Start Your Homeschool Year Supported
- Wednesday, September 20, 2006
2. Don't Overlook Your Spouse
Maintaining a loving relationship with your spouse will naturally be a great support to you. And remember, you are his support system too.
While your spouse is your closest human support and should be kept aware of your thoughts and feelings, problems and struggles, he should not feel that he is solely responsible to "fix" everything. Let him know that you have other resources, and discuss options together with the confidence you gain from trusting the Lord.
It might help to obtain a book and show it to your husband to reassure him of the validity and benefits of home schooling.
Your spouse may need some practical suggestions for ways to support you.
• Perhaps you only need 15 or 20 minutes at the end of each day to debrief each other and pray about any situations that have arisen.
• Agree on standards for your children's behavior and a system for their consistent discipline.
• Plan times to relax together.
3. Look to Your Family
Home schoolers recognize the value of the family unit. Let it support you. Enlist the help and support of your children. Grandparents or other relatives may offer support as well.
Your family will need help in knowing how to support you.
• You may need to tell your children, "I really love you and love teaching you, but I need a little extra help in keeping up with the chores. A word of encouragement or a hug would sure come in handy too!"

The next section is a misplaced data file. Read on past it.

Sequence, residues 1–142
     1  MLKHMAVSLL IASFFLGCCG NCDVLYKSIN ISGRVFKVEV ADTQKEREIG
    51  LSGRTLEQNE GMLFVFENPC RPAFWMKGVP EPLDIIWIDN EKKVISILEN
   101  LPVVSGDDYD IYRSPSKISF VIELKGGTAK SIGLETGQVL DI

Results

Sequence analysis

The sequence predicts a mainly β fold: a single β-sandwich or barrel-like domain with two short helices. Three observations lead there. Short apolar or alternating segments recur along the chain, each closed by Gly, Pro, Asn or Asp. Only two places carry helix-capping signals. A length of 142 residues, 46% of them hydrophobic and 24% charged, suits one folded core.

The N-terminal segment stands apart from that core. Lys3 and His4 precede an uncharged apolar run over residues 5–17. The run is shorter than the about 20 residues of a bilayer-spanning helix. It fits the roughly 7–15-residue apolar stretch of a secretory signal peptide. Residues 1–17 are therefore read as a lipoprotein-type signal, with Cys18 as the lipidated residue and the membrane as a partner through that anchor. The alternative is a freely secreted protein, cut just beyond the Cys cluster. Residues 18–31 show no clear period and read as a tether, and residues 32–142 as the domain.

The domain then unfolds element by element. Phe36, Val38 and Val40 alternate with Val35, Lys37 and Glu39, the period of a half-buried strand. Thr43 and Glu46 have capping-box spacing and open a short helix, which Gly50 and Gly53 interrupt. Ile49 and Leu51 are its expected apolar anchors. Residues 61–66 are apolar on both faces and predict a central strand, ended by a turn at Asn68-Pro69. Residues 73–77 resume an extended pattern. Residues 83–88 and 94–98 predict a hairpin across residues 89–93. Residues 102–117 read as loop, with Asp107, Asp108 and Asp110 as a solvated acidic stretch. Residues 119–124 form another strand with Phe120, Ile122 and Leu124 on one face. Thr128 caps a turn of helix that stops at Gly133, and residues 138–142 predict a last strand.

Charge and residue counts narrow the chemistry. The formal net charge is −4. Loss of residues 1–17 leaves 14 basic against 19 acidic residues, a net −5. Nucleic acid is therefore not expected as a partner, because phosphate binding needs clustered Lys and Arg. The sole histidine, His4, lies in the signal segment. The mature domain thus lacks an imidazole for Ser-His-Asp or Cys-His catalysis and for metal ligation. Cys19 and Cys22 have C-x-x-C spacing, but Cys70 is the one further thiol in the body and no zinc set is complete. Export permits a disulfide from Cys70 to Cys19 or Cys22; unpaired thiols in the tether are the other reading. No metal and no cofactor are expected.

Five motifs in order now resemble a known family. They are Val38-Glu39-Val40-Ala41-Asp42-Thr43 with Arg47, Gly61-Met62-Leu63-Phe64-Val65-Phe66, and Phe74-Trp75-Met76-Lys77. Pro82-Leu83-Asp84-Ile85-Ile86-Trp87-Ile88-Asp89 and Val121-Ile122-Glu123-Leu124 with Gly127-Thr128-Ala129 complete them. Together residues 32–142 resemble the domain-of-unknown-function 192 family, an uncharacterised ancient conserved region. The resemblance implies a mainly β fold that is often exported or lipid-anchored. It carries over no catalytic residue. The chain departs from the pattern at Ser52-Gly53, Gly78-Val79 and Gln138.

• Be sure you model support and encouragement in the way you interact with your family at all times.
• Family members can, and should, be each others' best friends and supporters. Talk to your children about helping each other in this way. A focus on the positive can replace problems.
Look for Support from Other People
1. Look to Good Friends
Just one faithful, sympathetic, and praying friend can offer a tremendous amount of support. This informal "support group" can meet on the phone whenever the need or opportunity arises or once a week at a specified time.
Caution: Don't let this good friend take the place of the Lord or your spouse.
When like-minded home-school families spend time together, they provide needed support and encouragement for the whole family.
2. Consider Mentoring
Veteran home educators should consider what they have to offer beginners. New home schoolers can look for veteran home educators to mentor them. A regular time together or an occasional phone call can make a big difference!
A local support group may be able to help you find a mentor.
3. Look to a Support Group
Support Groups may consist of only two families, or they may be large and offer many functions and activities.
Involvement with your local Christian home-school group can provide encouragement, fellowship, educational opportunities, field trips, academic training and information, solutions to your problems, and answers for your questions.
• Don't become overwhelmed by trying to participate in all the activities offered by your support group.
• Look for a group that will support your family's standards.
4. Look to Your Local Church
The fellowship and teaching of your local church provides important support for your spiritual life.
An ideal home-school support group might also be formed within your church if fellow members are home schooling. It is an added blessing to have a pastor who encourages you in your home-school efforts.
"And let us consider one another
to provoke unto love and to good works:
Not forsaking the assembling of ourselves together,
as the manner of some is;
but exhorting one another:
and so much the more, as ye see the day approaching."
Veteran homeschool sisters, Cindy Short and Sue Welch edit a free e-mail newsletter. Sign up at http://www.teachinghome.com.
See 164 archived issues at http://www.teachinghome.com/newsletters/
Copyright 2006 The Teaching Home
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